Historically, the ways that many of us look at personal expression, whether at home or in school, have been gendered, meaning there have been different expectations for boys and for girls (which is a binary way to look at gender). This means a few things. One, all students are not treated equally. Two, all students are limited by how they are allowed to express themselves. Three, these ‘rules’ ignore the fact that students may be non-binary (which means they identify other than wholly as a boy or a girl) or they may be intersex (having variations of sexual characteristics that do not fit the typical definitions for male or female bodies).
“As students grow, they want to express themselves in different ways,” said Director of Jeffco Safe Schools Coalition, Tracy Selph. “When options are limited, students aren’t allowed to be themselves and are forced to conform to the image others (read: adults) want them to have. Dressing outside of a limiting, gendered dress code singles out students as different, and they are frequently disciplined.”
To foster positive gender expression in schools, Selph said it’s critical that gender-neutral dress codes are established so that students can express themselves in the way that they choose, whether it’s clothing, hair color or style, makeup, etc. It’s also important to recognize that dress codes also can be exclusively based on race, faith, culture, and economy in addition to gender. Who was at the table when the dress code was created? Were youth a part of the process? Although it’s challenging, it is possible for schools to develop appropriate dress codes that are all-inclusive.
“Establishing neutral dress codes is possible and is already being done in some Jeffco Schools,” added Selph. “These guidelines allow for freedom of expression and empower our youth so that any student can style themselves the way they choose and dismiss those gender stereotypes that prevent youth from being themselves.”
Ways in Which Students Face Gender Stereotypes
Students want to feel included and a part of the conversation which means, schools that use inclusive language will help everyone feel included. When addressing the adults, don’t just say ‘welcome, parents’. Instead, try ‘welcome parents and caregivers’. In addition, a teacher who says, “boys and girls, please sit down,” is not including non-binary or intersex students. There are other ways to say the same thing such as:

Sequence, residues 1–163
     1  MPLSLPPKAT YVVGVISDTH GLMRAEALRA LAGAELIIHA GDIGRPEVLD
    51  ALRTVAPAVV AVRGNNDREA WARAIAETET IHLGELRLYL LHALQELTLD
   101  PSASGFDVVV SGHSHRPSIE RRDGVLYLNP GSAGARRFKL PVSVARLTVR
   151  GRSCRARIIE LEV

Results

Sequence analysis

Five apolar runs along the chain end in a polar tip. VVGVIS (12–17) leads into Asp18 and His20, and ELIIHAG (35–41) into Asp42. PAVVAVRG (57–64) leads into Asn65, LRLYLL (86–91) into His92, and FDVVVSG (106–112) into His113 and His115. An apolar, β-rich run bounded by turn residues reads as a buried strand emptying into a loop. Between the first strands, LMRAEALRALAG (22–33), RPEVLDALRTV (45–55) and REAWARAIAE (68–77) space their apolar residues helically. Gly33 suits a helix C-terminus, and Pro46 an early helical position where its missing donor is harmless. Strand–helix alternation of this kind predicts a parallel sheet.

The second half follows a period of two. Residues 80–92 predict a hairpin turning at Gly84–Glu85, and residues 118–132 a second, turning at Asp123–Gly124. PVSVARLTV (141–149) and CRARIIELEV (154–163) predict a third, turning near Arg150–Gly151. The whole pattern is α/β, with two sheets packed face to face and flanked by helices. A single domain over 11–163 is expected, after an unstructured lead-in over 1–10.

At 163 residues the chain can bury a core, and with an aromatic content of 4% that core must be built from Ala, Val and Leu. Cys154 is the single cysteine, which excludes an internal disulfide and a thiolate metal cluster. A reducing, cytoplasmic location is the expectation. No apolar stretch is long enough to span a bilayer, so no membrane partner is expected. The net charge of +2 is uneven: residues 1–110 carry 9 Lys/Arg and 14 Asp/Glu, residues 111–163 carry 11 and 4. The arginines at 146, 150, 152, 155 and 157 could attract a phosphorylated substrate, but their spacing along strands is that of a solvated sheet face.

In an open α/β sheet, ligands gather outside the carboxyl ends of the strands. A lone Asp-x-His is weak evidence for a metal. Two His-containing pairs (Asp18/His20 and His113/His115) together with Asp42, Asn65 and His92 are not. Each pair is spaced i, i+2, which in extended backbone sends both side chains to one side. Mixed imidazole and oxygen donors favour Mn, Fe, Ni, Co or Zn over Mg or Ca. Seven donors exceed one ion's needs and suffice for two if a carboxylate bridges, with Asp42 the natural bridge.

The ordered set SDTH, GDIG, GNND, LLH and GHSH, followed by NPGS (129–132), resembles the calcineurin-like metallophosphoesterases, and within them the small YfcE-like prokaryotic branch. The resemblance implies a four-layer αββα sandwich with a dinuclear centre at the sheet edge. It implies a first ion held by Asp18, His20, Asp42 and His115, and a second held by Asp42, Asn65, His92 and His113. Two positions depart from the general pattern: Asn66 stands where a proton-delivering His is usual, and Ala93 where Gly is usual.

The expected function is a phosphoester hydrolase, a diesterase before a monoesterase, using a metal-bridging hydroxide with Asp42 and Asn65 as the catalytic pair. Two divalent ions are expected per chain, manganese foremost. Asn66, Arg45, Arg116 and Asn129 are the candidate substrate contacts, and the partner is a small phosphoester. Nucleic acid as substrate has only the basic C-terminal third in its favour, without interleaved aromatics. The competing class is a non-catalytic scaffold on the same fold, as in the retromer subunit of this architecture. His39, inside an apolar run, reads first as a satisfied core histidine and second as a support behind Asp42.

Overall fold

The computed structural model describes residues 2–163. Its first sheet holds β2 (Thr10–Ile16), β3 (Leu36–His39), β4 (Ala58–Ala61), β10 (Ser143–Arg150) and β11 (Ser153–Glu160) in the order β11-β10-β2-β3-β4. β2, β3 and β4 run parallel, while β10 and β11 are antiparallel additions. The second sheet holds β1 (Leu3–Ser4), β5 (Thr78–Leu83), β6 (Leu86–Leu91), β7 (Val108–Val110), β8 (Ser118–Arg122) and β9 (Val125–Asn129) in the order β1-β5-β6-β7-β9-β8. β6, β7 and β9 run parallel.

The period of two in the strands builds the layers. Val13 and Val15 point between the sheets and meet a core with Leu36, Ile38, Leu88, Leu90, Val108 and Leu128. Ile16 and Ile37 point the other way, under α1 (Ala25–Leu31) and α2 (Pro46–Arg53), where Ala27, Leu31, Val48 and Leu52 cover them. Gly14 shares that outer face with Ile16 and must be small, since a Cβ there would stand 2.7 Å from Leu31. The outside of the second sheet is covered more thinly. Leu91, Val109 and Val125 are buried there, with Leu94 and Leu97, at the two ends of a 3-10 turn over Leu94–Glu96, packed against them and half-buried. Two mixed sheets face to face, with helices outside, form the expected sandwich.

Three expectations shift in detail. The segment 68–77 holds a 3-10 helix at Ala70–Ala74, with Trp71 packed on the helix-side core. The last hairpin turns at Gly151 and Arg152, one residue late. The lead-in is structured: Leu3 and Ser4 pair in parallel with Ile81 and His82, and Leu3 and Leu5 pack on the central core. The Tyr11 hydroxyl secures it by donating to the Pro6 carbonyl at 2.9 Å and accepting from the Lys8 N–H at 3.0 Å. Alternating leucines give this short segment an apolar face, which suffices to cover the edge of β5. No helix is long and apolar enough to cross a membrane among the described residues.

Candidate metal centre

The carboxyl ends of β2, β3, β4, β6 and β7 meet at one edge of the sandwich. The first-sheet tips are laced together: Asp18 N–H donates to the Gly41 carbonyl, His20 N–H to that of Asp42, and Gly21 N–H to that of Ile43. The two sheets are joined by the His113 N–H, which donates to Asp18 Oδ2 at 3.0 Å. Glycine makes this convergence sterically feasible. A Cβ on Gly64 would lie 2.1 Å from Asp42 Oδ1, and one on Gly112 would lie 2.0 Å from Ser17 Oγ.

“Students, please sit down.”
“Fifth graders, please sit down.”
“Future Leaders, please sit down.”
There is now a better representation of gender and sexual identities in the media. Catalogs, campaigns, television shows, movies, and literature are all featuring voices and experiences of a more diverse group of people — it’s important for educators to do the same in their classrooms.
One way to do this is to honor people’s preferred names and their pronouns. This is a new concept for many folks.
“Youth are more aware of diversity with gender identity and expression than adults, who usually need to unlearn that ‘they’ can be used to refer to a single person,” said Selph. “Language is changing all the time. It’s okay to mess up, but don’t ever misgender someone on purpose — that would be cruel. When someone makes a mistake with personal pronouns, they should simply give a quick heartfelt apology (“my apologies, I meant…“) for an honest mistake and move on.”
How Can Parents and Caregivers Help?
To help promote inclusivity, parents and caregivers can support children in their creative expression in a positive manner whether at home or at school.
“If a school dress code is oppressive, then those concerns should be addressed directly with administration, the PTA, and other parent/youth-focused groups,” added Selph. “Many schools work to be a welcoming and safe place for all students so, with greater awareness about our increasingly diverse population, it’s critical to establish ways to create a more positive school culture and learning environment.”
Positive affirmation for students wearing what makes them comfortable means everyone can be treated equally and encourages others to respect their peoples’ choices.
“No matter what the situation, kids want to feel loved, safe, seen, heard, and included,” said Selph. “They want unconditional love and as they struggle over their appearance, they want to make sure parents are listening and accepting them for who they are.”
Ways in Which Schools Are Making a Difference
The Jeffco Safe Schools Coalition provides resources for youth, families, and educators to cultivate a safe and inclusive environment. The district shares social, educational, and advocacy opportunities for the community through monthly meetings, newsletters, and resource sharing. It participates in all manner of local and state events supporting youth and families in schools as well as offering training for educators, businesses, and community partners.
“What I’ve learned is that it’s crucial that we extend our respect for others by not commenting on clothing or bodies or hairstyles, etc,” added Selph. “Students have their own filters influenced by social media that create impossible standards of appearance. Constant comments on dress and expression create intense anxiety in youth and affect the LGBTQ+ population in many ways.”
Selph also added that students do not want to be convinced or coerced to be something they are not. Inclusivity enhances resiliency and confidence in oneself. By providing positive support and gender-neutral dress codes, students can achieve what’s necessary to grow and thrive throughout their school lives and into their futures.
For information and resources about gender inclusion in schools, visit Jeffco Safe Schools Coalition.